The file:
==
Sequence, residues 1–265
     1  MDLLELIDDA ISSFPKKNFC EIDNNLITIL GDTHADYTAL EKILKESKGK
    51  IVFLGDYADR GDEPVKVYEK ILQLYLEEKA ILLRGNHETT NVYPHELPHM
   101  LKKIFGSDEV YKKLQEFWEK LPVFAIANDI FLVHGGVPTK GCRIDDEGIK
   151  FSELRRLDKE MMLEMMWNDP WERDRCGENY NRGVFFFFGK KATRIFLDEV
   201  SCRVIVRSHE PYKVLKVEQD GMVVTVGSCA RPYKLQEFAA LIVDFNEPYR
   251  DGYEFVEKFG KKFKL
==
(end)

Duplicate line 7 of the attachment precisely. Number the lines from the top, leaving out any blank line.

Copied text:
   251  DGYEFVEKFG KKFKL